It was with great sadness to hear of reports on 31 October
2011 that an SA FM science journalist had lost her life on her way to the
hospital after a car accident. Her loss left a great space in the broadcast and
print science journalism.
Christina Scott, author, broadcaster and journalist
according to her LinkedIn
profile, was in 2008 nominated as
KZN Vodacom Journalist of the year for the online category. In August this year
she also hosted
the radio station’s SA Literature show on Sundays while during the week
presenting her Science Matters slot every Thursday from 21-22 pm.
Scott was one of the speakers at the Reporting Science
conference held in Johannesburg
from 19 – 20 November 2007 and whose purpose, according to
BizCommunity.Com, was to build and strengthen journalists’ awareness of
scientific news and their skills in reporting and writing about science in
accessible and interesting ways. The conference targeted senior reporters in South Africa
and on the continent, including science writers/reporters, television/radio
presenters, producers, sub-editors, HIV/Aids journalists, editors and
journalism students (post-graduate).
George Classes, a science journalist and former head of the
Department of Journalism at the University of Stellenbosch and co-ordinator of
the Communicating Science at the University of Cape Town once said science
is the driver of development and technology but that most lay people do not
understand or appreciate the impact it has on our daily lives because research
and scientific developments rarely make it into the public sphere unless there
is some sensational value attached to it.
According to Classes the media is the vehicle through which
science can be communicated to the wider public and this needs to happen in the
interest of the country’s future development. This is exactly what Scott did
with her weekly science programme on SA FM. He said lack of scientific
information and research in the public sphere could be “ascribed in some part
to the way scientists view the media, which can sometimes be with an air of
suspicion as the media has been not been great at communicating science in the
Classes said this was made worse because “there is not a
single newspaper, radio or TV station in the country that has a dedicated
science desk run by a trained science editor”. He said “our media is more
interested in reporting politics and sport and this needs to change if we are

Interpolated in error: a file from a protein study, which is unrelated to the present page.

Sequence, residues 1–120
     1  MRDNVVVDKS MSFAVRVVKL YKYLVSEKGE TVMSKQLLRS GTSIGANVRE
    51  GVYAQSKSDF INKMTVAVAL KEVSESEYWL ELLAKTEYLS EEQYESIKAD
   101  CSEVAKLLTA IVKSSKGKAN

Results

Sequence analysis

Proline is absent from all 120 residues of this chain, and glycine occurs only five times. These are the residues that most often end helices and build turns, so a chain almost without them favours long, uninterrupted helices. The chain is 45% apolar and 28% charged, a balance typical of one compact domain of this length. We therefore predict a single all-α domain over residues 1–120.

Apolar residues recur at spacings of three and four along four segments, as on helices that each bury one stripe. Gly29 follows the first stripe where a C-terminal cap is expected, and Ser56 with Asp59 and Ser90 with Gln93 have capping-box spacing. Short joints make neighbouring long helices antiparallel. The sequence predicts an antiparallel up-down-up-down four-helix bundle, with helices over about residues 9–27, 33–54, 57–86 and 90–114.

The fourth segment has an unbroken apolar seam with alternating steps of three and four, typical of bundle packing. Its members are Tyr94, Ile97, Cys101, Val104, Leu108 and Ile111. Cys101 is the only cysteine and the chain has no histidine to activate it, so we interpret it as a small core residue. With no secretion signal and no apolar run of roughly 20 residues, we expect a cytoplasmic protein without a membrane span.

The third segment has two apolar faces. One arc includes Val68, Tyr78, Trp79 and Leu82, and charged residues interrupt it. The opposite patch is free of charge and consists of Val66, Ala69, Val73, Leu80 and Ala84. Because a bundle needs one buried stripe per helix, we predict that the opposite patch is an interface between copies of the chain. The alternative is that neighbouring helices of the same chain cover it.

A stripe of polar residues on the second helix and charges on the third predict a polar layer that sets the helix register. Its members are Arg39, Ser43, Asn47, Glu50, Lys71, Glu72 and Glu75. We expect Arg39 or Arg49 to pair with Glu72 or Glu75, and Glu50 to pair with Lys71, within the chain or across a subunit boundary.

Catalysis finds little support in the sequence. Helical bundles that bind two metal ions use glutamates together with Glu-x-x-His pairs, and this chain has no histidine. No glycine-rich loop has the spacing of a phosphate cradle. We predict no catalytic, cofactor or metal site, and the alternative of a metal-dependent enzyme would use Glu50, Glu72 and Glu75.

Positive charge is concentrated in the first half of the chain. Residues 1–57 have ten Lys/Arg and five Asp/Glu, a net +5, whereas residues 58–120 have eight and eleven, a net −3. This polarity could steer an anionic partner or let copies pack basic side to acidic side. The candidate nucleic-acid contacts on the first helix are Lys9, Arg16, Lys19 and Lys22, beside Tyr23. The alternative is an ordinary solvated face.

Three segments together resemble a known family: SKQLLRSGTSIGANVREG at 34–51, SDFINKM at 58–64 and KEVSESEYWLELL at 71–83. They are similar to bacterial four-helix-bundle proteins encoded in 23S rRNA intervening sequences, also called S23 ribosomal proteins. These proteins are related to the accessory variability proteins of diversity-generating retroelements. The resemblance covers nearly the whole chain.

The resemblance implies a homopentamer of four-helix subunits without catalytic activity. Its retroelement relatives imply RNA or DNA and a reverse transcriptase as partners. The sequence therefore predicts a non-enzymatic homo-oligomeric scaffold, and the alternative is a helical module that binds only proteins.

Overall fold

to have any hope of giving science more prominence in our society” which is
But of course Scott’s show (as far as I know) was the only
one in the country that was specifically dedicated to science reporting on a
weekly basis. She made it much easier for some of us who did not grasp some of
the bombastic words in science. Her simple science broadcasting made it even
easier for a lay-man to understand it because many of her topics covered were
those that one had done during high school and listening to her simplifying
them that way was great. But of course this is not to say our teachers then
made science any difficult. In that way it was easier for anyone to tune in and
listen and learn quite a lot. For as long as I was at my place I never missed
any of her shows although I can’t say I remember the last show. Scott also
covered the climate change topic at some point.
Or maybe my liking Scott and listening to her show every
Thursday had something, if not everything, to do with her somewhat British
accent? I doubt. I mean the woman was good and she knew what she was doing,
unlike many others. Scott was not the type of a scientist who Classes said would
be “sitting up in ivory towers keeping their work out of the public domain”
knowing very well that their work is “mostly publicly funded and therefore have
a duty to share their research with the broader society.” No, she was not. She
went out there.
Unlike scientists Classes referred to, Scott, on the other
hand, made sure that her science journalism skill was shared with many others
in the public domain through her Science Matters shown. Her rare shown went
“some way towards bridging the gap” between science and communities.
Scott will be missed and may her soul rest in peace…
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